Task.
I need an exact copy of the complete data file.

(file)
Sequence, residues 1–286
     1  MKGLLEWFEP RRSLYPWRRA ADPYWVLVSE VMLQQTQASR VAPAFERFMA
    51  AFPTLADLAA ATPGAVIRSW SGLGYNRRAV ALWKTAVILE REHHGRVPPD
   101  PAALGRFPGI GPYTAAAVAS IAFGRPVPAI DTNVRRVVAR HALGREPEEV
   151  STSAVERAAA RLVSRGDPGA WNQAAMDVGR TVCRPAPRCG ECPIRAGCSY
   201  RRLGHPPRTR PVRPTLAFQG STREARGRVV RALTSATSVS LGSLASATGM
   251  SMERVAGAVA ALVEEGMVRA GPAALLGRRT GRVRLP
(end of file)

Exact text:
Sequence, residues 1–286
     1  MKGLLEWFEP RRSLYPWRRA ADPYWVLVSE VMLQQTQASR VAPAFERFMA
    51  AFPTLADLAA ATPGAVIRSW SGLGYNRRAV ALWKTAVILE REHHGRVPPD
   101  PAALGRFPGI GPYTAAAVAS IAFGRPVPAI DTNVRRVVAR HALGREPEEV
   151  STSAVERAAA RLVSRGDPGA WNQAAMDVGR TVCRPAPRCG ECPIRAGCSY
   201  RRLGHPPRTR PVRPTLAFQG STREARGRVV RALTSATSVS LGSLASATGM
   251  SMERVAGAVA ALVEEGMVRA GPAALLGRRT GRVRLP